Sports registration is “The first ever extreme sport”according to Stihl Timbersports. It is a discipline contested during international competitions with six tests, three with the axe and three with a chainsaw: spring board (the ax perpendicular to the springboard), Permanent block cutting (vertical axe), and tricky chop (horizontal ax), and stock saw (chain chainsaw), and one buck (keyhole saw) And finally, a file hot saw (Competition saw).
Pierre Boyarette is the most successful Frenchman in this field. Early in his career in 2010, he particularly stood out in the so-called keynote event. Since then, he has had a series of world championships, in teams and individually. He was crowned champion of France six times, becoming the French reference in a still little-known sport.
During the Singles World Championships in Munich last October, he finished first by cutting a log with a Godendard saw in just 11.58 seconds, unassisted, thus displacing New Zealander Jason Wynyard in the main key event. “There was a record set at 9 seconds 39 by Jason Wynyard with an assistant. However, for two years, in the tournament, they removed the assistants, so I became the new record holder!”
Bred at the end of the 19th century between Australia and New Zealand, the origins of sports logging lie in the various methods of logging and shaping. Today, the discipline has spread to North America and then to Europe. “When I started, the French were moving on, we were trying to copy the gestures of the masters of discipline: the New Zealanders and the Australians. For them, logging is a habit, passed from father to son”says Pierre Boyarette.
For him, it all started a little “Accidentally”. Although he had never heard of mathematical logging, one of his friends told him of his passion for discipline, and Pierre, who was working as a mechanic at the time, wanted to do the same: I said to him: What are you doing cutting the branches? Then I finally got into the game and we entered several competitions.
Now passionate, Pierre Boyarette must reconcile his life as an extreme sports champion with his daily life as a father, while taking up his position as a maintenance worker at a hydraulic power plant. For him, sports scoring is not just a sport, it is “A passion in itself, a way of life”.
However, he remains frank, because this extreme sport is not for everyone: “Most of the guys who call me are under 16 and don’t realize you have to travel miles to train. Motivation is not enough. French competitions are held in Savoy, most of the time… I think the youngsters now have better things to do than train at the other end of France.”
A passion but not a job. According to Pierre Boyarette, in 2010, only five sports lumberjacks practiced. Today, there is nothing left: “The premiums are lower, they don’t let the athletes live on it.”
Requiring discipline, strength and a great deal of vigilance, work is done on physical preparation for sports-recording events throughout the year, between tournaments. Thus, during the high season, from November to May, “We do all our physical preparations, and a month before the competition resumes, we will print a little wood to rebuild the muscles. The muscles change according to events, we must resume the gesture, improve the technique”Announcing the hero. Pierre has the opportunity to live in the high mountains, he constantly trains: “I skate tour, ride a bike and jog.”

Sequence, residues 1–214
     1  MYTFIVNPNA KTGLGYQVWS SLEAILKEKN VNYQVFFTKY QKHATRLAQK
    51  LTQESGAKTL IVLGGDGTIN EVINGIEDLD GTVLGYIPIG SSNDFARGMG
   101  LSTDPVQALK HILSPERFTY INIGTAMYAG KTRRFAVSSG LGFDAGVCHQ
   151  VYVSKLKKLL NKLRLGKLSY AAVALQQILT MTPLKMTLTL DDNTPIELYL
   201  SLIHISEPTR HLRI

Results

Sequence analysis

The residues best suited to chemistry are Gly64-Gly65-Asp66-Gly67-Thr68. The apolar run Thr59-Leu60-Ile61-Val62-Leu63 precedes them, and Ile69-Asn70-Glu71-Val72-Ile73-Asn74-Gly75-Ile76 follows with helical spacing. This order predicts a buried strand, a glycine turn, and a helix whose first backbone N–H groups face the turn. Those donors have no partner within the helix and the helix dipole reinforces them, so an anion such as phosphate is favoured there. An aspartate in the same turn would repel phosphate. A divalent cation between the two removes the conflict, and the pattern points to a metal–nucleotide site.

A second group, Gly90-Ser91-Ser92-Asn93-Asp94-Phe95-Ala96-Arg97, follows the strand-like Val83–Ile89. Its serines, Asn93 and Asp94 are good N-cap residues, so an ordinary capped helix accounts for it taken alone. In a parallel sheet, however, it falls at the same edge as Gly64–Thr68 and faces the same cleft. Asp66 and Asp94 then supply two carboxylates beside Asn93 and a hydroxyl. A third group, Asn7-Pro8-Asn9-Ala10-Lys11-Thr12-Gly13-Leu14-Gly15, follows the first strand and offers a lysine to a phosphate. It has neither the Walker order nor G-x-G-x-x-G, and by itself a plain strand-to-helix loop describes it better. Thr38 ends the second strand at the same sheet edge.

He must excel in all events. “Globally, it is played over the six events. What will set me apart from the others is the heart and the body. The events last between 1 minute and 1 minute and 30, they are short but very intense, you need a good recovery.”
Sports recording, broadcast in France only team channel, is a system that has been widely deployed across the Atlantic. The captivating design contributes to giving the sport a more extravagant and dangerous side: “During the international competitions, there is a big stage, light games, a real show stage. It was impressive. What bothered me is that instead of focusing on what we have to do during the event, we are afraid of hurting a photographer or photographer!”
What about sports? In France, international logging competitions for women’s sports are scarce… “Women’s competitions have been around for a long time in other countries. In France, this is the first time that the female competitors have a schedule for this season! It is a different mentality compared to the men’s competitions, they are in a state of mutual assistance, they will encourage each other and give advice to each other among the competitors Which we don’t necessarily do on the part of men.”
For Pierre Boyarette, the next tournament will be in Austria, in Vienna, next May. The opponents, again, will be large: “Australian Bryden Meyer is unbeatable, he has been a strong contender for three years.” Everything will be played in order of passage, according to the ezeroes: “If you come across one of the top rankers from the start, it will dampen morale a bit.” We just have to cross our fingers…
“Proud explorer. Freelance social media expert. Problem solver. Gamer. Extreme travel aficionado.”